The Causal Effect of Education on Obesity: Evidence from Compulsory Schooling Laws

66 Pages Posted: 14 Nov 2009 Last revised: 22 Nov 2009

Date Written: November 12, 2009


Obesity is one of the fastest-growing health concerns in developed as well as developing countries. Raising general education levels is one of the primary public interventions suggested to address this issue. Much is known about the positive correlation between education and health outcomes; less about the causality. This paper investigates the relationship between obesity and education in an Instrumental Variables (IV) framework that uses the variation caused by state-specific compulsory schooling laws between 1914 and 1978 as an instrument for education. Examining data from the first two waves of the National Health and Nutrition Examination Survey (NHANES) I find a strong and statistically significant negative effect of additional schooling on Body Mass Index (BMI) measures, larger than OLS estimates imply. The effect on females is especially pronounced. These results are robust to weak instruments and various other validity checks, and suggest that policies designed to increase years of schooling for at-risk populations might lead to substantial health improvements.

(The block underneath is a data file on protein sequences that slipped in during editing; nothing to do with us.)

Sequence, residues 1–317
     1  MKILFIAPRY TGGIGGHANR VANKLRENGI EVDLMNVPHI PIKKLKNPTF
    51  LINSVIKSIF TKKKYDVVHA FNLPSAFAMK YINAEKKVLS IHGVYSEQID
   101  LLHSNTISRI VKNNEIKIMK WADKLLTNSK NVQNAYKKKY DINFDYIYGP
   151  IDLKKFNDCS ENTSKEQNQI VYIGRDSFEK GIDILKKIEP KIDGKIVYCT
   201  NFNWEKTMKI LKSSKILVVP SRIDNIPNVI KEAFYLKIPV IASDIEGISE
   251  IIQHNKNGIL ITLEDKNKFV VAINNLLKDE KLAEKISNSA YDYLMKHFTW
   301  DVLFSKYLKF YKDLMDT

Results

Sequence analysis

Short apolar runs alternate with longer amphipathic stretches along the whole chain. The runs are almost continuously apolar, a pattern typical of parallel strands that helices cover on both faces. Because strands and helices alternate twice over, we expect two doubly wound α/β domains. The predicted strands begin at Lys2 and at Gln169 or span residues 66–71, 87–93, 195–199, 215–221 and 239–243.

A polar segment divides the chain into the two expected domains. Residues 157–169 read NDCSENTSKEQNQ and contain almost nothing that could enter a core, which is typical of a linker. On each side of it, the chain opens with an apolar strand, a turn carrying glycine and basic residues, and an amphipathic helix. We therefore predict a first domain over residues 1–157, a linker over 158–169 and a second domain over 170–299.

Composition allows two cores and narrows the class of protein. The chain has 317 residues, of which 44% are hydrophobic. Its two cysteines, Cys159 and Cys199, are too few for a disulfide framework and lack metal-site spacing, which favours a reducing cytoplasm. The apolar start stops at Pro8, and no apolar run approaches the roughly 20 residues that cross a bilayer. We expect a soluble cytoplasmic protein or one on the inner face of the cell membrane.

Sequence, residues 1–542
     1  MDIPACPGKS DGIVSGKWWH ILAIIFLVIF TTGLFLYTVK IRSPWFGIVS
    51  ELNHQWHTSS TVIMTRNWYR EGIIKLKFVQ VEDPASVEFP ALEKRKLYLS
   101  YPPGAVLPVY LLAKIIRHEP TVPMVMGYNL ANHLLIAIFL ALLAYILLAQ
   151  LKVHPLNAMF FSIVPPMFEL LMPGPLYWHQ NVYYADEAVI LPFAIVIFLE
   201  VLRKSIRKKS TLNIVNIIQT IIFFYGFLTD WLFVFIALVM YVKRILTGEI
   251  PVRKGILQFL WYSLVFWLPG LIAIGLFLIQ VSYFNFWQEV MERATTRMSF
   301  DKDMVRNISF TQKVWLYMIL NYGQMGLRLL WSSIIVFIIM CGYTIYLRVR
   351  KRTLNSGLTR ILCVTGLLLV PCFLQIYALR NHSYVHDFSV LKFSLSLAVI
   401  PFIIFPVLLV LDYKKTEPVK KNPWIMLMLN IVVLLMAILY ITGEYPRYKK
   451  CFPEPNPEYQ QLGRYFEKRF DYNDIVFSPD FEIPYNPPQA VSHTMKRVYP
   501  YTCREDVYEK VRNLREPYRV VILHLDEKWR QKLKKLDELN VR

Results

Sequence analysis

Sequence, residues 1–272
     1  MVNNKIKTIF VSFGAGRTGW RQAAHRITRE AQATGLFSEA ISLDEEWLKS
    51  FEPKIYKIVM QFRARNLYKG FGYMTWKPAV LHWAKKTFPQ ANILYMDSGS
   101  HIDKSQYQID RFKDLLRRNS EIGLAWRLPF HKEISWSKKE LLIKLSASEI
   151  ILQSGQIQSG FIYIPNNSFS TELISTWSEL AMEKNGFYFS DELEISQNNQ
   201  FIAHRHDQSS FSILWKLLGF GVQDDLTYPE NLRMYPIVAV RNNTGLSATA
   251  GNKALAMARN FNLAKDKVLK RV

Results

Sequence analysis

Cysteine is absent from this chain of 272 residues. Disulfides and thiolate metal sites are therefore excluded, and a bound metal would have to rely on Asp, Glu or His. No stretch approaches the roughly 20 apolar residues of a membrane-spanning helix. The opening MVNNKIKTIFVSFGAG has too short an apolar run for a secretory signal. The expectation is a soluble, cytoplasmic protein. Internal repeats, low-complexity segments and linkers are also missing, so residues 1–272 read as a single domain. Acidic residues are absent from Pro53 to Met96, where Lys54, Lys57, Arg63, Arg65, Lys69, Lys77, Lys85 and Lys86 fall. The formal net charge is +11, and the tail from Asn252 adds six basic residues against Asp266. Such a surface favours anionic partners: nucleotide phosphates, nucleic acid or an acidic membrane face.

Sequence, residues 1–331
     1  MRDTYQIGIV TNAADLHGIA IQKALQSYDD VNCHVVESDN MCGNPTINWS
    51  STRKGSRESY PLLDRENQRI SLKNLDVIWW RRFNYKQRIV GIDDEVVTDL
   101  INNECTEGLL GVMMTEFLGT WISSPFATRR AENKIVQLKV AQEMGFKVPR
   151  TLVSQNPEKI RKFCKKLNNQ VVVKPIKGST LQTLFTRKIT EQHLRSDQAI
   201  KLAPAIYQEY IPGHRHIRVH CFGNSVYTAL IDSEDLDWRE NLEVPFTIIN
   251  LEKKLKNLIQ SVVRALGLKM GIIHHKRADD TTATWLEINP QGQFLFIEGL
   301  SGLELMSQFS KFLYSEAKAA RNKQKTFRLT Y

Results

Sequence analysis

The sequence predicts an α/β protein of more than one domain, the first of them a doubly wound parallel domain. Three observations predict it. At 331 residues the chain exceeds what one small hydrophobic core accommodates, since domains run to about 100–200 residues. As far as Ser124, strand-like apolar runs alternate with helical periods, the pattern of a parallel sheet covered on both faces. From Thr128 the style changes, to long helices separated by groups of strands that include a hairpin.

Keywords: Compulsory school law, Obesity, BMI, Education, NHANES, Weak instrument

JEL Classification: I10, I12, I20, C01

Suggested Citation

Grabner, Michael, The Causal Effect of Education on Obesity: Evidence from Compulsory Schooling Laws (November 12, 2009). Available at SSRN: or

Michael Grabner (Contact Author)

HealthCore, Inc. ( email )

800 Delaware Avenue
Fifth Floor
Wilmington, DE 19801
United States

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